Axel Rator: “And then there was house”

Axel Rator 2016
Axel Rator has an incredibly vivid memory of the early years of house music. In 2017 he offered an intimate view into the history of dance that exceeds his original debut story.

This post is also available in: Nederlands (Dutch)

In 2017 the story of Axel Rator was revealed. "Some people gave Paul Elstak and me the title 'pioneer of the hardcore gabber scene'."

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'The butcher was our ride to gigs'

“When I was younger, I always had to grin when I heard older people talk about ‘the old days’. And still, it’s a rather weird idea that things used to be different. Every generation knows its own music, a complete scene of painters, poets, writers, philosophers, musicians, typical instruments and of course drugs.” 

The eighties

“In the 80s I used to listen to the radio a lot. Renowned DJs as Ferry Maat, one of some notorious radio-pirates on boats just of the Dutch shore, fatigued us all day. Constantly you would hear Doe Maar, Drukwerk, Benny Nijman and so on. At night the same dull DJs played their so-called drive-in-shows in so-called super discos where again you would hear the same Top 40 music. People stood around bored, hoping to find someone to hook up with. But those people were just as boring. I truly hate the last years of the 80s!”

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“And then there was house! Of course it didn’t present itself at a birthday party with wish-wash and a cookie. No, house entered as the punker from The Young Ones, with door and all.”

Bloody noise

“With the arrival of house in 1986, the critics were clear in their opinions: house was bloody noise, a harbinger of the end of times. Record companies that usually begrudged each other everything, were suddenly united: this was unacceptable! Even the church got involved and called house music blasphemy. People would get negatively influenced by the low tones that were an assault on common sense. This type of bizar, unfounded information filled the newspapers every single day. Fortunately, also people like Gert van Veen exist.”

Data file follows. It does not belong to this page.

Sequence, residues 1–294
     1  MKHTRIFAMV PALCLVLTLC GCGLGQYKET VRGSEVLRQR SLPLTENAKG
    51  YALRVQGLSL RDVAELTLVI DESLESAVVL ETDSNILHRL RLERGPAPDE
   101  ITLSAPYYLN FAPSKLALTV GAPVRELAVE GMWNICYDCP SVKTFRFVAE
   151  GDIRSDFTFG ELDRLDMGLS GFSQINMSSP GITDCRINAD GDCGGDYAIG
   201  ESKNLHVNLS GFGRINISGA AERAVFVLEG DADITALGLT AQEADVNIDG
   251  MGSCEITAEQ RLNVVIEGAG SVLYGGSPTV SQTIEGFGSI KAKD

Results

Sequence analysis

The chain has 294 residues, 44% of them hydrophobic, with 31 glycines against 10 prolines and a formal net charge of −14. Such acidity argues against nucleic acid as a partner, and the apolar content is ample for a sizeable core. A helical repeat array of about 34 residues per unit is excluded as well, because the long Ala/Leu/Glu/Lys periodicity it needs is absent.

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Fierce Ruling Diva

“Clubs and other legitimate venues were afraid to burn their fingers on house-parties. Despite this, somewhere in 1989, I received an invitation by Jeroen Flamman (Fierce Ruling Diva) to visit his party Subtopia, somewhere in the middle of the night at a dubious spot. Later, Jeroen made waves with The Party Animals.”

Dubious spot

“That dubious spot was in fact Pier 14, behind the Amsterdam Central Station. It was revolting, a total rust-bucket of a ship. When you danced, the water from the hold flew around your ears. In short: it was amazing! The speakers were turned on loud – as loud as they could be. Big absentee was a light show. We had to settle for a couple of lights, smoke and a stroboscope.”

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“I had been producing a lot of synthesizer music for years, in my attic room at home. By now I was bursting of inspiration. So I had started, mostly for myself, to produce house music. Jeroen liked it and offered to be my editor. The recording studio was Mike Le Roy in the Kerkstraat in Amsterdam, where real men with priceless mixers recorded my music. Soon I released my first record: XLR8 on Subtopia #1 on the Lower East Side record label.”

First gig

“My very first gig took place in 1992 in club Mazzo on the Rozengracht in Amsterdam. I was 23. First Jeroen Flamman and Dano played and after them we went live as warming-up for Eddy Flashing Fowlkes. I wasn’t really nervous. With years of keyboard-experience and often on my synthesizers guided by heavy metal guitarist Stef A.L.F. – who had adopted house as well – we bashed our tracks high speed into the club.”

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Crazy woman

“Because that first gig was actually an album presentation, we only played music from my first record. Also, we had spotted a cross-over of a mega-creative yet completely crazy woman, Inge von Jefferstein. She was pimping the show in her own particular way. It was crazy, totally idiotic, but above all: fabulous!”


“The audience existed of guys with very long hair, long Waterlooplein-hippie-house-pants and girls in tracksuits. The age varied from thirteen till aged über-hippies with beards and Indian hats with small mirrors, who had just started their second or third youth. We were all connected by our common love for this new music. Mind-blowing pills may have played a roll in this scene, but it was quite different from the former era, when people solely used uplifting drugs to become jolly and expel the boring 80s.”

Club Escape